Unemployment, depopulation, poor infrastructure main concerns ahead of Bulgaria’s local elections

Written by on June 18, 2015 in Bulgaria - Comments Off on Unemployment, depopulation, poor infrastructure main concerns ahead of Bulgaria’s local elections

A lack of job opportunities, depopulation of the regions outside the cities and poor infrastructure are the foremost concerns in most Bulgarian municipalities with four months to go to local elections in October 2015, an Alpha Research poll has found.

The continuing exodus of people of working area to the large cities and out of Bulgaria has meant dramatic change in the economic and social picture in the regions, increasing risks of petty crime, ghettoisation and manipulation of the vote, the pollsters said.

The poll by Alpha Research, which is among the more reliable of Bulgaria’s opinion polling agencies, was done between June 7 and 13 among a sample of more than 1000 people, as part of a regular series by the agency.

In Bulgaria’s four largest cities, Sofia, Plovdiv, Varna and Bourgas, the leading concerns were different – corruption and poor administrative services for residents.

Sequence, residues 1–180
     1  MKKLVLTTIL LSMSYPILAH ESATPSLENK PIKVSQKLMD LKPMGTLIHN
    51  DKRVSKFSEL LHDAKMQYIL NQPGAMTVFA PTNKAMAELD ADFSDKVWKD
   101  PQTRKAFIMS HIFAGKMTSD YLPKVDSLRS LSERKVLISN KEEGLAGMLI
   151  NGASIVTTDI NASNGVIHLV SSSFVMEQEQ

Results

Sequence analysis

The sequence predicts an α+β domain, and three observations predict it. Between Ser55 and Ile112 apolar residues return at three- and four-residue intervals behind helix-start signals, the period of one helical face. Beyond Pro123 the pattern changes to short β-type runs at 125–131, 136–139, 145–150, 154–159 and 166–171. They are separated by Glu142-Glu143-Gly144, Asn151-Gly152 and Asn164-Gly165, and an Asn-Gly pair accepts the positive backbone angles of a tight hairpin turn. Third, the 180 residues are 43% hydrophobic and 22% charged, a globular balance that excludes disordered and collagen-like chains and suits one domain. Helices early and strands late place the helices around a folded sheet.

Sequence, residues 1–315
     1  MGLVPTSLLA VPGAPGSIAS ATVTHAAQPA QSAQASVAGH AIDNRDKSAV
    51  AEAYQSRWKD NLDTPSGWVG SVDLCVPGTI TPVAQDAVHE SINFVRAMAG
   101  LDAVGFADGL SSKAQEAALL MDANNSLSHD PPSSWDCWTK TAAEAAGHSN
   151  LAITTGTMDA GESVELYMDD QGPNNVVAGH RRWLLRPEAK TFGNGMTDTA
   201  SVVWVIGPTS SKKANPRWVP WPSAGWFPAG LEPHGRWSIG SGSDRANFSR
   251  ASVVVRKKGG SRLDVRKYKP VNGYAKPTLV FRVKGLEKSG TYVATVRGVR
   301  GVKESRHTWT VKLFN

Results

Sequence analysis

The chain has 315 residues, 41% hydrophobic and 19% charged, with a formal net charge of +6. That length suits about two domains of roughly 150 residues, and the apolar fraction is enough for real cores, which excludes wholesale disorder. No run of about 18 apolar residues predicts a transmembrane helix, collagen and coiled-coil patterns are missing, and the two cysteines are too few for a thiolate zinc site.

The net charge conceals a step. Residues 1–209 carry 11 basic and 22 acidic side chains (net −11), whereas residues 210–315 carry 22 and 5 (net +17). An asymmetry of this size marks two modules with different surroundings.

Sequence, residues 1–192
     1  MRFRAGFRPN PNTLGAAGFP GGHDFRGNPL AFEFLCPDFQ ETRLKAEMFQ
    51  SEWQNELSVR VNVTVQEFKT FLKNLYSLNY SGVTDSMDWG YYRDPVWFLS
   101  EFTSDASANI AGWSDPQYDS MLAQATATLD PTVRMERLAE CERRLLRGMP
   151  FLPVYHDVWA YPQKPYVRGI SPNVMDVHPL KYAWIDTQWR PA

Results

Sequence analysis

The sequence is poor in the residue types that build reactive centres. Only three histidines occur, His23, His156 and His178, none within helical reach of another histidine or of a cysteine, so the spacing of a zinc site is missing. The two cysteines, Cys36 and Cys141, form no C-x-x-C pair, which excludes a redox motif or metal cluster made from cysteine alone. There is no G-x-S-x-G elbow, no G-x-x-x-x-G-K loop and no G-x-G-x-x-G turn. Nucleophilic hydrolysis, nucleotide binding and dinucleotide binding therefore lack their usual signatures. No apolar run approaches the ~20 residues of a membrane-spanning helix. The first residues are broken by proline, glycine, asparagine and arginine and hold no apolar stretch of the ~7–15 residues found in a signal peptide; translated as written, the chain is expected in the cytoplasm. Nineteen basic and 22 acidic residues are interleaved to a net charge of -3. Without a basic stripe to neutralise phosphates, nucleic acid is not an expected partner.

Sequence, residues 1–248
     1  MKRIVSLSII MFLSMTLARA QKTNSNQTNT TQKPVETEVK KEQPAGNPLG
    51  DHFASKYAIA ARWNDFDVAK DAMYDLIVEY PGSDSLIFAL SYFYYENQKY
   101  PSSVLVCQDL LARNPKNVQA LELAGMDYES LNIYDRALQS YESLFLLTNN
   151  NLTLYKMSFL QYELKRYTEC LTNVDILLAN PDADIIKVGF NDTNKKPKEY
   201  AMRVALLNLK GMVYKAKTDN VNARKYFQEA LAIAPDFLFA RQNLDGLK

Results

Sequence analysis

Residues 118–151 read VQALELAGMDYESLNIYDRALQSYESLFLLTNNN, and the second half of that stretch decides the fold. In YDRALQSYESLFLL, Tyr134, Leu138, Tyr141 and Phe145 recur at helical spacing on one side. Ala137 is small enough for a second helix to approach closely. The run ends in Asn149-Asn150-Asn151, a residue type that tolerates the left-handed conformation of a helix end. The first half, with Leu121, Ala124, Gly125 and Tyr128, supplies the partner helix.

Were national parliamentary elections to be held, Prime Minister Boiko Borissov’s centre-right GERB party would get the most support, 21.9 per cent, with the opposition Bulgarian Socialist Party again running a poor second, at 11.5 per cent.

The Movement for Rights and Freedoms was in its customary third place, at 7.3 per cent, the centre-right coalition Reformist Bloc and the nationalist Patriotic Front each have 5.7 per cent, socialist breakaway ABC 3.5 per cent and far-right Ataka 3.2 per cent.

However, Alpha Research said that the electoral picture at the municipal elections could be very different, given the combination of the majoritarian vote system and local specifics.

On average across the country, 51 per cent of those polled favoured keeping their current mayors and 47 per cent wanted a change.

Alpha Research that it was likely that in many places, the outcome of the race would be decided in the second round, and would depend on the skills of the candidates in attracting public support, rather than just their party affiliation.

(The screenshot shows the legal notice required in Bulgaria at election times, ‘buying and selling of votes is a crime’.)

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